Large woodland game BIRDS in the subfamily Meleagridinae, family Phasianidae, order GALLIFORMES. Formerly they were considered a distinct family, Melegrididae.
Diseases of birds which are raised as a source of meat or eggs for human consumption and are usually found in barnyards, hatcheries, etc. The concept is differentiated from BIRD DISEASES which is for diseases of birds not considered poultry and usually found in zoos, parks, and the wild.
A heterogeneous mixture of glycoproteins responsible for the gel structure of egg white. It has trypsin-inhibiting activity.
Common name for the species Gallus gallus, the domestic fowl, in the family Phasianidae, order GALLIFORMES. It is descended from the red jungle fowl of SOUTHEAST ASIA.
An inland sea between Europe and Asia. It is connected with the Aegean Sea by the Bosporus, the Sea of Marmara, and the Dardanelles.
Thin-walled sacs or spaces which function as a part of the respiratory system in birds, fishes, insects, and mammals.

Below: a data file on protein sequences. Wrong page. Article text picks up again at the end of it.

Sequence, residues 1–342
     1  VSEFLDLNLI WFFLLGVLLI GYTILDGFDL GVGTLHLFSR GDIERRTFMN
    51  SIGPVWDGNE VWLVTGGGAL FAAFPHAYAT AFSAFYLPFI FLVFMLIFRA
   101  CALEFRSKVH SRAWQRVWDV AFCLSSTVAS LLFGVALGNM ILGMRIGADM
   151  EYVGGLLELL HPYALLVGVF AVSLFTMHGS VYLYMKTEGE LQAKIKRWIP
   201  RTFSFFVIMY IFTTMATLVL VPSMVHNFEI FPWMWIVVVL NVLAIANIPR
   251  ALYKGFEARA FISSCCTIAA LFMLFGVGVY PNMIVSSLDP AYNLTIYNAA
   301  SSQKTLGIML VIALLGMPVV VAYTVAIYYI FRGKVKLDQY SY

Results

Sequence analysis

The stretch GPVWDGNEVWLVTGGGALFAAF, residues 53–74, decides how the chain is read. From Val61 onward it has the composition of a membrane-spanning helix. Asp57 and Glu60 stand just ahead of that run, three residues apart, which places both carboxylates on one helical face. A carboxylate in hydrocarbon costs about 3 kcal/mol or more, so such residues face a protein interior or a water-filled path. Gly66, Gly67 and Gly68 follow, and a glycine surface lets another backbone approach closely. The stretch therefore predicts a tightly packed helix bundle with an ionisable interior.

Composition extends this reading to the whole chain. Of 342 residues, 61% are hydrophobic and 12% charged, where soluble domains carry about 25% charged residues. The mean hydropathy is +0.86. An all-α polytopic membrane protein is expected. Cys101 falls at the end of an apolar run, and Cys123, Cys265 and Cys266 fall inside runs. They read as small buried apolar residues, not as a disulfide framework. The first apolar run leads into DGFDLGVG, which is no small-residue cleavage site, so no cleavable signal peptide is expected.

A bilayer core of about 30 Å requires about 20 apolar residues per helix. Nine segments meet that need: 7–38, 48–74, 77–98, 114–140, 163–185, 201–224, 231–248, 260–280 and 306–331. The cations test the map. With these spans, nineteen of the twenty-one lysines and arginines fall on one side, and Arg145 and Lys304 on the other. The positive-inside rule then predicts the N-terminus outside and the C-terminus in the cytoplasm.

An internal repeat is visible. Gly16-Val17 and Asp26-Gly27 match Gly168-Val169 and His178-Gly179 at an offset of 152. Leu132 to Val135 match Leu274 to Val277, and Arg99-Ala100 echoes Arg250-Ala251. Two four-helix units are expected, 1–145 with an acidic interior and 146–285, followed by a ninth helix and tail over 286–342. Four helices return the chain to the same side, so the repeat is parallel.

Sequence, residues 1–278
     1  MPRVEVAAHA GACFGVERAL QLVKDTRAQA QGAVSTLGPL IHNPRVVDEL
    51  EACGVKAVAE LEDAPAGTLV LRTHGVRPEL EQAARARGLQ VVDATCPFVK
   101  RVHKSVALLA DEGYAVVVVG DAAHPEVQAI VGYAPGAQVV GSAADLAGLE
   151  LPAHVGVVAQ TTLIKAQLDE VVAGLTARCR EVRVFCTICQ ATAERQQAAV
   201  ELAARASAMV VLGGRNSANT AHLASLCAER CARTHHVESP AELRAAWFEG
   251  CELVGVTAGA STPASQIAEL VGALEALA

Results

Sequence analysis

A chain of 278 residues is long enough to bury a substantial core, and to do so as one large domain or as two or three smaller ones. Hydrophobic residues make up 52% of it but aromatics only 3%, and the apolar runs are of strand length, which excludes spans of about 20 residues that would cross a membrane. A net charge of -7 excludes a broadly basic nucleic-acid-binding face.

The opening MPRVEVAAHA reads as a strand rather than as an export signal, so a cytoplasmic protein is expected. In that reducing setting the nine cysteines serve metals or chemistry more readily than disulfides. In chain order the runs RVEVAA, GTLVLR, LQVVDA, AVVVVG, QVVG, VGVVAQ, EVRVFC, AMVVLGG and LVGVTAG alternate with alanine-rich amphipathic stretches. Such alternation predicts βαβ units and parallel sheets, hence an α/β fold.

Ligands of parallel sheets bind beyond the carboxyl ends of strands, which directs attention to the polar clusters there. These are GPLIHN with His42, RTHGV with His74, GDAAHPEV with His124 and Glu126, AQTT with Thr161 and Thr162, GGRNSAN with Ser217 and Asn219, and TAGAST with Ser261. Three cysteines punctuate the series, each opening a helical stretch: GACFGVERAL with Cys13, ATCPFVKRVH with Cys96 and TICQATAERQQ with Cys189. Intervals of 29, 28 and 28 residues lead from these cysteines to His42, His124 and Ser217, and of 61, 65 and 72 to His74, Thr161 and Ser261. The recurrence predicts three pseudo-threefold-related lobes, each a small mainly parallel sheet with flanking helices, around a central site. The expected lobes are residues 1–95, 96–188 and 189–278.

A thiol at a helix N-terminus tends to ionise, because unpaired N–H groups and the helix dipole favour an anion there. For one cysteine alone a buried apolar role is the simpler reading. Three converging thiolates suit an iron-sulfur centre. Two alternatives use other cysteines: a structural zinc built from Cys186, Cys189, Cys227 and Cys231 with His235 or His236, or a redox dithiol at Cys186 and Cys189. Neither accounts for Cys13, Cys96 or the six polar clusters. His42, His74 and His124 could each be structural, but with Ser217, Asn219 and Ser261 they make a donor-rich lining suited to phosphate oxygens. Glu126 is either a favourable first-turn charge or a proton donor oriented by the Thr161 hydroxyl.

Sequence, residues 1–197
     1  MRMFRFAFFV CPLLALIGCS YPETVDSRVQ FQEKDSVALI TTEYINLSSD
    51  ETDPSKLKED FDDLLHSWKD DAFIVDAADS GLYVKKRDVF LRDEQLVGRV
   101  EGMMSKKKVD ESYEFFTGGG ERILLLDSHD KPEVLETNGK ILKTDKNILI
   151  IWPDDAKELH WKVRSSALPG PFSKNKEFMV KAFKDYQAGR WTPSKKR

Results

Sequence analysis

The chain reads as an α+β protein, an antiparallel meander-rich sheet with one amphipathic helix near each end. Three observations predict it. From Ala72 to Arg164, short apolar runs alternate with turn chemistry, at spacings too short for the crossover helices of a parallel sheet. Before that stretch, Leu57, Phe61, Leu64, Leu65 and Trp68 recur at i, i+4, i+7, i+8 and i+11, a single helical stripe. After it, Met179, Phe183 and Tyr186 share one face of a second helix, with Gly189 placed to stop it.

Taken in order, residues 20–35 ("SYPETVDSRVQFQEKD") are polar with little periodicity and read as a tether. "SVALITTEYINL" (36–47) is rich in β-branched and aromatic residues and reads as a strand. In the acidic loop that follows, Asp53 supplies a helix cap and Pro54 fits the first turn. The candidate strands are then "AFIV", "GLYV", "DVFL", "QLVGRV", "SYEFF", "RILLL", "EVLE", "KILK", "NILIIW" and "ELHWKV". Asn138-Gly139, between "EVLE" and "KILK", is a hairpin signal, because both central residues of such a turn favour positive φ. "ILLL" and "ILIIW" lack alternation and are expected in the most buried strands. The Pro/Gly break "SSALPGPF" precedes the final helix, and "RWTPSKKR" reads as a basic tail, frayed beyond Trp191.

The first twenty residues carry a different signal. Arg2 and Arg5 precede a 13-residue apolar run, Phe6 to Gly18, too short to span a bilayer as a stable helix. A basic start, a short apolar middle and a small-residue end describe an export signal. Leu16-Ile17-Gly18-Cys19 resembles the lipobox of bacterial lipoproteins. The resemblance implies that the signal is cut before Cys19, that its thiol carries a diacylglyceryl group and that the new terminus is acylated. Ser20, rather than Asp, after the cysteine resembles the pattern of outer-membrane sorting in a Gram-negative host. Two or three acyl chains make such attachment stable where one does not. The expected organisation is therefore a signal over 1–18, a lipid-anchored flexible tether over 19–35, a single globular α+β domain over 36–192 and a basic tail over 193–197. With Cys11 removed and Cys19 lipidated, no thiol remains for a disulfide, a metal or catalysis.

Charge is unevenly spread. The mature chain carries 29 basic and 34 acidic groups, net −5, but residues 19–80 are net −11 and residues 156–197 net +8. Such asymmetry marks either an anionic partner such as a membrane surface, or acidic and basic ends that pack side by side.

A genus of the family PARAMYXOVIRIDAE (subfamily PNEUMOVIRINAE) where the human and bovine virions have neither hemagglutinin nor neuraminidase activity. RESPIRATORY SYNCYTIAL VIRUS, HUMAN is the type species.
A genus of ASTROVIRIDAE infecting avian species and often involving extra-intestinal manifestations. The type species is Turkey astrovirus.
Diseases of birds not considered poultry, therefore usually found in zoos, parks, and the wild. The concept is differentiated from POULTRY DISEASES which is for birds raised as a source of meat or eggs for human consumption, and usually found in barnyards, hatcheries, etc.
A species of BORDETELLA isolated from the respiratory tracts of TURKEYS and other BIRDS. It causes a highly contagious bordetellosis.
A species in the genus MAREK'S DISEASE-LIKE VIRUSES, in the family HERPESVIRIDAE, infecting turkeys.
The type species of the genus MARDIVIRUS in the family HERPESVIRIDAE. It is the etiologic agent of MAREK DISEASE, infecting domestic fowl and wild birds.
A family of enveloped, linear, double-stranded DNA viruses infecting a wide variety of animals. Subfamilies, based on biological characteristics, include: ALPHAHERPESVIRINAE; BETAHERPESVIRINAE; and GAMMAHERPESVIRINAE.
Domesticated birds raised for food. It typically includes CHICKENS; TURKEYS, DUCKS; GEESE; and others.
A subfamily of PARAMYXOVIRIDAE containing two genera: PNEUMOVIRUS; and METAPNEUMOVIRUS.
Zeolites. A group of crystalline, hydrated alkali-aluminum silicates. They occur naturally in sedimentary and volcanic rocks, altered basalts, ores, and clay deposits. Some 40 known zeolite minerals and a great number of synthetic zeolites are available commercially. (From Merck Index, 11th ed)